UC Regents Consider Options to Offset Budget Cuts

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While students and union workers demonstrated across UC campuses yesterday, the UC Board of Regents debated student fee increases and possible furloughs for university employees to offset increased financial strain.

The recently passed state budget has left the university with $115 million in new cuts.

At their UC Riverside meeting, the regents discussed fee hikes, but put off action until May due to the uncertainty of the university's financial situation.

"Whatever the outcome, we will continue to administer a strong financial aid program that mitigates the effect of fee increases," UC President Mark Yudof said.

The campuses will present strategies today to meet mid-year cuts.

Educational fee increases, which would raise $106.7 million for the university, have been under consideration for more than a year. Although campuses are currently factoring a 9.3 percent increase into their summer session tuitions based on state budget recommendations, the regents stressed there is no official proposal yet to do so.

"It is clear that over the last 40 years, when you see the amount of support from the state per student and how much it's declined, it has by and large been picked up by student fees," said UC Regent Richard Blum. "When we talk about raising student fees ... it isn't something that we take lightly."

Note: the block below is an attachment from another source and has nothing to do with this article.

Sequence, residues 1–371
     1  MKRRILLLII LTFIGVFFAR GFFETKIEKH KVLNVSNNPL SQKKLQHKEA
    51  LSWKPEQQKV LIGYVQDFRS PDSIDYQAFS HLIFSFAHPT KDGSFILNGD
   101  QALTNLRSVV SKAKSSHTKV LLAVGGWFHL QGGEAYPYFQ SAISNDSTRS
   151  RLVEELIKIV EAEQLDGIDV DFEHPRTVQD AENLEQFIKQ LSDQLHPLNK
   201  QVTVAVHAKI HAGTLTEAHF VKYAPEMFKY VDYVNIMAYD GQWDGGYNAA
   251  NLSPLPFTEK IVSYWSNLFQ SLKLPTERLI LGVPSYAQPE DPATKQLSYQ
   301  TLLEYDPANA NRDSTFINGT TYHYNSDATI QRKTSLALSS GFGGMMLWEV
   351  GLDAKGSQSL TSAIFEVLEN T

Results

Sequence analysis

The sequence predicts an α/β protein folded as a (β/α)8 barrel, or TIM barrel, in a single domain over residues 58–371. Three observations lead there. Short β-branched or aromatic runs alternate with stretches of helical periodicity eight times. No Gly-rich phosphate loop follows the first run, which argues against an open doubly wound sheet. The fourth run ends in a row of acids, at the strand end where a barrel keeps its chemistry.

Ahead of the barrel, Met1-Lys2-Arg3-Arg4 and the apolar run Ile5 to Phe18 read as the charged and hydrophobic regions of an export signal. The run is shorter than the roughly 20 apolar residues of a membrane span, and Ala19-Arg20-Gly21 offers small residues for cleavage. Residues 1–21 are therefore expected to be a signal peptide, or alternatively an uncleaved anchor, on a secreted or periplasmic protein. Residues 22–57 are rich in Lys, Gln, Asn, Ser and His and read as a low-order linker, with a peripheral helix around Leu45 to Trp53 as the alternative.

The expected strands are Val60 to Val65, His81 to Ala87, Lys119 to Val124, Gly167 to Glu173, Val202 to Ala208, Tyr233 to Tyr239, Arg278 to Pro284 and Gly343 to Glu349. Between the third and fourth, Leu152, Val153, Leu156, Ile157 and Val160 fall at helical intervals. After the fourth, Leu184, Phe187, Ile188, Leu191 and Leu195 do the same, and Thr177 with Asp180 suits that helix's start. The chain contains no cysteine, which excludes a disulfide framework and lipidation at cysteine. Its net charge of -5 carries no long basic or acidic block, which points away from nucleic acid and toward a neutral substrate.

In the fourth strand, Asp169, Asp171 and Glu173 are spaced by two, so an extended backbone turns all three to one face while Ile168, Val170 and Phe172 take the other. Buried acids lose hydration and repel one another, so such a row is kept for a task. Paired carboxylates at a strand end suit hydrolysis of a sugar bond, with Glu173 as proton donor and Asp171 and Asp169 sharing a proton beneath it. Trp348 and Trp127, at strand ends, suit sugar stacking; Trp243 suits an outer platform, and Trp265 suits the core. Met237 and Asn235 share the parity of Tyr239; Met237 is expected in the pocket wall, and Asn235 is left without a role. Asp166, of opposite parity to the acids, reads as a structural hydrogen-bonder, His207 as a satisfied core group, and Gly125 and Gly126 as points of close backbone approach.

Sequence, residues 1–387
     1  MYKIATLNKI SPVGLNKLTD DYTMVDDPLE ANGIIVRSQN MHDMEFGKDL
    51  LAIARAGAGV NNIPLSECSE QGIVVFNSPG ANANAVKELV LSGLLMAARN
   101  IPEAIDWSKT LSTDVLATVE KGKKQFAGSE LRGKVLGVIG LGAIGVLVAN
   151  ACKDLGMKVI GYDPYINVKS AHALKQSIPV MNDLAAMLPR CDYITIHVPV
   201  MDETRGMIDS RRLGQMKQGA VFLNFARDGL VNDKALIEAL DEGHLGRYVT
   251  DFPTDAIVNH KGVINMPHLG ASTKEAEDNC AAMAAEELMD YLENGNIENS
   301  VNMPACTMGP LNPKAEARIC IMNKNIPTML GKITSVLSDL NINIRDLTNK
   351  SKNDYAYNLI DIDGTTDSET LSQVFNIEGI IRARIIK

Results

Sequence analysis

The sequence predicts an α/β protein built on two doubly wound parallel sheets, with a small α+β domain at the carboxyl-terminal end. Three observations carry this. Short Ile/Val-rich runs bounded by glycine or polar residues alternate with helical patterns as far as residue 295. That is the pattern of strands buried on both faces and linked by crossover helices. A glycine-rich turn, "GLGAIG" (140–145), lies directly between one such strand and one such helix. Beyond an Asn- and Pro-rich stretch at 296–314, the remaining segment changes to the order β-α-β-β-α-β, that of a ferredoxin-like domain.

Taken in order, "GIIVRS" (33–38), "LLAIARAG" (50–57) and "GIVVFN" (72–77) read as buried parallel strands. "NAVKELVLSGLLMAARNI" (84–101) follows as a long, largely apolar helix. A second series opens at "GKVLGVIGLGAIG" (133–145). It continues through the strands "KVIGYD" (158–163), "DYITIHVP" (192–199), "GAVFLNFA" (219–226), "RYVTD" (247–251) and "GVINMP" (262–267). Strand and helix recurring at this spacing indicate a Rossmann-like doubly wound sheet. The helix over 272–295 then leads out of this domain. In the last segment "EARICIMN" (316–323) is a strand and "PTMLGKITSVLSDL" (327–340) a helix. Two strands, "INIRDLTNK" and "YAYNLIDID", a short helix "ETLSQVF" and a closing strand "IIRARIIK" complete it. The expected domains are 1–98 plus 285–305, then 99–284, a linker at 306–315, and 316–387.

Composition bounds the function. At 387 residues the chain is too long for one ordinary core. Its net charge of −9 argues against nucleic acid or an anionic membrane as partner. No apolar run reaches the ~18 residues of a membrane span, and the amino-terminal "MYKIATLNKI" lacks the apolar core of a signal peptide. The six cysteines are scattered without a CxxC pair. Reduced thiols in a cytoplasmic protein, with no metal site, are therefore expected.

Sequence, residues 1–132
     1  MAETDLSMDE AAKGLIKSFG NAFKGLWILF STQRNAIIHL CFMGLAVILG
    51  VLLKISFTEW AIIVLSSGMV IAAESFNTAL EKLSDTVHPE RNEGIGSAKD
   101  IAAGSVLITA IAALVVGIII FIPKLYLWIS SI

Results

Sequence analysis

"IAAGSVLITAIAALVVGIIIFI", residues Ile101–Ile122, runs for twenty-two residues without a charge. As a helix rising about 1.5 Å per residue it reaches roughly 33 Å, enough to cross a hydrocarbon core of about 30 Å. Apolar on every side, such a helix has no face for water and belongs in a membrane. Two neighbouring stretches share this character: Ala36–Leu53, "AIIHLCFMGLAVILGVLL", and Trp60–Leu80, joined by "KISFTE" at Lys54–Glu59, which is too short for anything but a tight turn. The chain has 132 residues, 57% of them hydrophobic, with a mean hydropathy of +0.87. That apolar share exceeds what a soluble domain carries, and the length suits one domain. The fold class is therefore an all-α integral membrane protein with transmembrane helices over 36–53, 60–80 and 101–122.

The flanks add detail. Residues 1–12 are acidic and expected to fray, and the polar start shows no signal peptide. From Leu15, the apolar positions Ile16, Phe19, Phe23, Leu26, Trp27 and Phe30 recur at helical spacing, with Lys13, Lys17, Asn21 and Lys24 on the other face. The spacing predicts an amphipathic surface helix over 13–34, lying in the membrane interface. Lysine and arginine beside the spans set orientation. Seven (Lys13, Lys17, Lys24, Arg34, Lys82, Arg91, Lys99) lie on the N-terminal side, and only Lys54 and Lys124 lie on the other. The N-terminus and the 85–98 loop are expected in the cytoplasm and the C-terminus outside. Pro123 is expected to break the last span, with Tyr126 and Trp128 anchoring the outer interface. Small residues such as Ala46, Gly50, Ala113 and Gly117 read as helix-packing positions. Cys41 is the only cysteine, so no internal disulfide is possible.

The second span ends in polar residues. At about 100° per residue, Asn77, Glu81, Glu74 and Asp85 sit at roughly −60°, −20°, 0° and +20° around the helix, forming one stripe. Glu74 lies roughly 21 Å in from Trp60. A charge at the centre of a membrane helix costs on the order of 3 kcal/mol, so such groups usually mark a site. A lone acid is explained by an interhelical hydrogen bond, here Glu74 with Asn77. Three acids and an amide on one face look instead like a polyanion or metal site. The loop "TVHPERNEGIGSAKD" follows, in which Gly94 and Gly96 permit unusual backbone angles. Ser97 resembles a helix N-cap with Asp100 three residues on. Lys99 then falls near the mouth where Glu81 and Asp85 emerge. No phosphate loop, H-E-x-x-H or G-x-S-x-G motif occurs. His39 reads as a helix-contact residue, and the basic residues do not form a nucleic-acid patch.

At the meeting, regents approved the establishment of a nursing school at UC Davis and reviewed the progress of student mental health programs, which got an additional $8 million in registration fees for 2008-09.

To meet the cuts, Yudof said it may be necessary to implement salary reductions and furloughs, or mandatory unpaid workdays, for all UC employees next year.

UC Berkeley Chancellor Robert Birgeneau, who gave a presentation on the campus's academic and financial situation, said it is facing a $67.2 million shortfall overall and will be looking at furloughs as well as scaling back on faculty hiring.

"But we can't sustain that inevitably," he said. "Faculty are needed (for the campus) to prosper."

Of the mid-year cuts mandated by the state, UC Berkeley's share was $15 million, $10 million of which will become permanent reductions next year. Birgeneau said the campus borrowed from the campus's $600 million pool of dedicated funding to deal with this year's shortfall.

"We decided we didn't want to cancel classes or eliminate any lecturers (and) hurt students," he said.


Rachel Gross is the university news editor. Contact her at [email protected]

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